The FC of fruits and seeds reflects significant statistical differences (p ≤ 0.0002); therefore, it is confirmed that the fruits with the highest FC were those harvested from trees in sites with east exposure with 0.81 ± 0.06 cm, which contrasts with the seeds from trees in southern exposure whose CF was 0.72 ± 0.10 cm. On the other hand, the seeds collected from trees in sites in southwest exposure had a higher FC (p = 0.72 ± 0.09 cm). The amount of fruits and seeds kg-1 was statistically different (p = 0.0001), because the seeds collected from trees located in northeast exposure accumulated 4 235 ± 1 338 kg-1 fruits, higher than the southern exposure, 3 054 ± 787 kg-1 fruits; similar case occurs in tree seeds in northeast exposure, which gave a total of 30 124 ± 8 746 (Table 4).

Table 4 Assessed variables in regard to exposure, slope and altitude. 

Site variable Fruit-seed variables (probability)
FP (g)
(0.0001)
DPF (cm)
(0.0001)
Fruits kg -1
(0.0001)
PS (g)
(0.0001)
CFS (cm)
v (0.0002)
Seed kg -1
(0.0001)
Exposure
South 0.34±0.07 a 0.72±0.10 c 3 054.6±787.66 d 0.05±0.01 b 0.69±0.11 bcd 20 048.4±5 722.6 d
West 0.33±0.09 ab 0.75±0.56 b 3 236.6±1 111.22 dc 0.05±0.02 b 0.70±0.11 abc 22 186.3±6 908.4 c
Southwest 0.32±0.06 bc 0.75±0.07 b 3 248.4±734.85 dc 0.06±0.07 a 0.72±0.09 a 19 233±6 686.4 d
East 0.30±0.05 c 0.81±0.06 a 3 439.3±791.20 c 0.05±0.02 ab 0.67±0.09 d 19 385.1±5 940.5d
North 0.27±0.07 d 0.75±0.09 b 3 879.8±1 168.08 b 0.03±0.01 c 0.68±0.09 cd 28 146.7±8 076.2 b
Northeast 0.25±0.07 e 0.76±0.07 b 4 235.2±1 338.91 a 0.03±0.01 c 0.71±0.01 ab 30 124.4±8 746.8 a
Slope (%)
≤25 0.30±0.05 a 0.81±0.06 a 3 438.4±704.60 b 0.06±0.006 a 0.61±0.08 c 16 789±2 022.8 c
(25,40] 0.31±0.08a 0.75±0.08 b 3 421.4±1 131.96 b 0.04±0.03 b 0.71±0.10 a 23 898.8±8 082.0 b
>40 0.26±0.08 b 0.71±0.08 c 4 104.7±1 271.68 a 0.04±0.01 b 0.66±0.09 b 27 040±8 962 a
Altitude (m)
≤1 178 0.24±0.07 c 0.76±0.08 a 4 441.81±1 375.15 a 0.03±0.01 b 0.72±0.10 a 29 259.4±8 974.6 a
(1 178-1 278] 0.36±0.08 a 0.74± 0.07 b 3 531.67±725.56 b 0.04±0.03 a 0.72±0.09 a 23 985.7±7 212.7 b
>1 278 0.30±0.08 b 0.75±0.08 ab 2 940.33±1 128.83 c 0.04±0.03 a 0.69±0.10 b 23 316.9±8 140.1 b

Accompanied mean by ± standard deviation. Different letters in columns represent significant statistical differences (Duncan, 0.05); FP = Fruit weight; DPF = Polar fruit diameter; CFF = Fruit shape coefficient; PS = Seed weight; CFS = Seed shape coefficient.

The slopes of the evaluated sites showed significant differences (p ≤ 0.001); from trees in sites with 25 and 40 %, the fruits of greater size were collected, with an average of 0.31 g and the production of fruits kg-1 is favorable in slopes> 40 %, since they sum up an average of 4 104, with a FC equal to 0.71 ± 0.008 cm. From trees located in places with small slopes, fruits that tend to be rounded were taken, unlike the fruits of sites with steeper slopes, which outline an elongated shape.

The same behavior was not observed does with the seeds collected from trees located in slopes <25 %, since between the slopes 25 and 40 %, they reached a greater weight (0.06 g), with shape form of 0.71, while the seeds from trees located at slopes> 40 % were smaller but more abundant (27 040 seeds kg-1) in contrast to the seeds taken from trees located at sites on slopes <25 % that were larger, and that gave a total of 16 789 seeds kg-1 (Table 4).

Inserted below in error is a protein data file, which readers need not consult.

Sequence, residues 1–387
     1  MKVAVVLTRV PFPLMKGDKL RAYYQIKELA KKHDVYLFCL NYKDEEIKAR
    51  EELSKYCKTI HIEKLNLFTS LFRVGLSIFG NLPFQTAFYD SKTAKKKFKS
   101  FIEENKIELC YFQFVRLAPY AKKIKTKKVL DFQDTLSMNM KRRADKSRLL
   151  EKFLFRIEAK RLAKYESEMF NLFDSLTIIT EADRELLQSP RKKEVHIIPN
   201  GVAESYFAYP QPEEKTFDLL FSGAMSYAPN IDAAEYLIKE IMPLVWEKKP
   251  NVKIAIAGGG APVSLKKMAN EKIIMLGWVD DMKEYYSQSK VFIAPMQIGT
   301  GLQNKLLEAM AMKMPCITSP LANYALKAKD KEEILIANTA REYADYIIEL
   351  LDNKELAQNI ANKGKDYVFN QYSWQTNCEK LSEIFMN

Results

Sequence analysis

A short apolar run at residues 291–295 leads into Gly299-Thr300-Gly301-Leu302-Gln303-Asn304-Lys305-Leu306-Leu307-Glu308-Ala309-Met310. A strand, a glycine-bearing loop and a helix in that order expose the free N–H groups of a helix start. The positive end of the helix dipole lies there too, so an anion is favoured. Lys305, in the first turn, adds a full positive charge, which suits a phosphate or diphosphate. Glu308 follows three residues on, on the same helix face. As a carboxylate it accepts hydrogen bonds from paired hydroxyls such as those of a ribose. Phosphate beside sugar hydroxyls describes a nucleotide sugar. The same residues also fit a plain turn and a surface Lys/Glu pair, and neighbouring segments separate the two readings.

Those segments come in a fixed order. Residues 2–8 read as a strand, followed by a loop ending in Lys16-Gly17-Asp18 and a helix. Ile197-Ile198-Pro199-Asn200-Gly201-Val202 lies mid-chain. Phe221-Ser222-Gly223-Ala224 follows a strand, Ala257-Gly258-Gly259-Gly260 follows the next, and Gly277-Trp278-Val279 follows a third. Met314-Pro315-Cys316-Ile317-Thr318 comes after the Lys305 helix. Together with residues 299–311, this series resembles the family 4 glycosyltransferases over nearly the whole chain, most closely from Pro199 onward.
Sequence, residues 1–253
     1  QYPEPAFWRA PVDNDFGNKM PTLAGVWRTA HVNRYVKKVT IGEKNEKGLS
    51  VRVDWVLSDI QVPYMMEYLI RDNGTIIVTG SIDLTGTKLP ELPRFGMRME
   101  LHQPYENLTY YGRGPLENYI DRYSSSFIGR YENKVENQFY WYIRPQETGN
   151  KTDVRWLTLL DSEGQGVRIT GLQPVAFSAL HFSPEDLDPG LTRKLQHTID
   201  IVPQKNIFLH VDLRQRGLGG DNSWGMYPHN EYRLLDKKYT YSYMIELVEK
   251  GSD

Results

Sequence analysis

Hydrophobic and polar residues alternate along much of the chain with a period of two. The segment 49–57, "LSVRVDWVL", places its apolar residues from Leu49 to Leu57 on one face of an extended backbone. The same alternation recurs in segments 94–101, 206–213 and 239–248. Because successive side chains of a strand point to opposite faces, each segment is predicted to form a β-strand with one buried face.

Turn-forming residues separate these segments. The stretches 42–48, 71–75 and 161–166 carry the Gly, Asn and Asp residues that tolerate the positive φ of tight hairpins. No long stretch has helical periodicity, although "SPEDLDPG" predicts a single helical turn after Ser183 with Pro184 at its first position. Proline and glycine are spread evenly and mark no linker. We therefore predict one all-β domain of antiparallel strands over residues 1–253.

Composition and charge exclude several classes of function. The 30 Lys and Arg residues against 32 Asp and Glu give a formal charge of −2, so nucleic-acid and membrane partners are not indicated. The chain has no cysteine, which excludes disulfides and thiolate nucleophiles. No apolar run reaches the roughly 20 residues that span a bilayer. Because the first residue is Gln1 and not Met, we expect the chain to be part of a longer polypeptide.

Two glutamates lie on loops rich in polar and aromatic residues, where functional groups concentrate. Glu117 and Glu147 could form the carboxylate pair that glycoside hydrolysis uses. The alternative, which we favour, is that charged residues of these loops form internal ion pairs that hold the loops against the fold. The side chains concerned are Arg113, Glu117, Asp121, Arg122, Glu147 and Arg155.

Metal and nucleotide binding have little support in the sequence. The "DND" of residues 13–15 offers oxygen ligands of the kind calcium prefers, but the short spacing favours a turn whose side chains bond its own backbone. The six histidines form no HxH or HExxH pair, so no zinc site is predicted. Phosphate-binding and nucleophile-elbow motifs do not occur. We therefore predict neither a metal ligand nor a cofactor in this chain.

The altitude of the sites in which the trees grow was also a factor with significant effect (p≤0.01), since in the altitudinal interval between 1 178 and 1 278 m, the weight of the fruits was 0.36 g, with the lowest FC (0.74); these data contrast with those occurring at altitudes ≤1 178 m, whose FC was 0.76, at this same altitude the fruit production was 4 441.

The seed had a similar response with 0.04 g at altitudes> 1 178 m; however, seed production was higher at altitudes ≤1 178 m (29 259.4) with form coefficients of 0.72 cm at altitudes ≤1 278 m (Table 4).

The morphological differences of the fruits and seeds in relation to the characteristics of the site (exposure, slope and altitude) can be understood as they are factors that influence the solar radiation that affects the plant, temperature and environmental humidity, conditions that affect the primary productivity of the species. In their study conducted in Quercus, Márquez et al. (2005) stated that the size differences are due to biological and physical factors, in addition to the size of the seeds in a species can vary between populations or between individuals, either for genetic reasons or for the life history of each plant (Griffiths et al., 2009; García et al., 2015).

Conclusions

The population structure of the trees selected as Bursera simplex seedbeds is characterized by an irregular shape, characteristic of the low deciduous forest; according to the evaluated indexes, the structure in which the trees of B. simplex develop affects the weight and morphological characteristics of fruits and seeds.

In the west exposure sites, the highest number of individuals was counted, where there is a greater density of shrub type species, mainly, with heights ≤ 1.5 m, as well as larger individuals such as the burseras with 265 ha-1 individuals. From tree 21, the best selected as a nursery, the highest seeds were collected (0.08 ± 0.13 g), with 16 179 ± 5 036 seeds kg-1; while the fruits of greater weight were associated to tree five (0.42 g) and 2 456 fruits kg-1 with low FC and elliptical shape. The slopes and altitudes of the sites influence the characteristics of the fruits and seeds, of the trees in sites with slopes ≤ 40 % heavier fruits were collected.

Acknowledgements

The authors wish to express their special gratitude to the authorities of Bienes Comunales of Santa María Zoquitlán, Oaxaca, México, for the facilities provided to accomplish the actual research.

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Received: January 02, 2018; Accepted: May 30, 2018

Conflict of interests

The authors declare no conflict of interests.

Contribution by author

Jesús Jonathan Luna Cedeño: field sampling; Gerardo Rodríguez Ortiz and Juan Ángel García Aguilar: data statistical analysis; José Raymundo Enríquez del Valle, Judith Ruíz Luna and Gisela Virginia Campos Ángeles: laboratory analysis.